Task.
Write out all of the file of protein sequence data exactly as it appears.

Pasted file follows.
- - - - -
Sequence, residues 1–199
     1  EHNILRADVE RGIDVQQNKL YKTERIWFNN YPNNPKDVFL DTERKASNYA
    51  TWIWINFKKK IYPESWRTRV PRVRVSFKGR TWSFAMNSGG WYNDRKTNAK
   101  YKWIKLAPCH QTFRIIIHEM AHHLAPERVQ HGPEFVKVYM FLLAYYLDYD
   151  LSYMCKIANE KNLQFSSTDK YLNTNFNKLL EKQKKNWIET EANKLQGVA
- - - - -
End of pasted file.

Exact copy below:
Sequence, residues 1–199
     1  EHNILRADVE RGIDVQQNKL YKTERIWFNN YPNNPKDVFL DTERKASNYA
    51  TWIWINFKKK IYPESWRTRV PRVRVSFKGR TWSFAMNSGG WYNDRKTNAK
   101  YKWIKLAPCH QTFRIIIHEM AHHLAPERVQ HGPEFVKVYM FLLAYYLDYD
   151  LSYMCKIANE KNLQFSSTDK YLNTNFNKLL EKQKKNWIET EANKLQGVA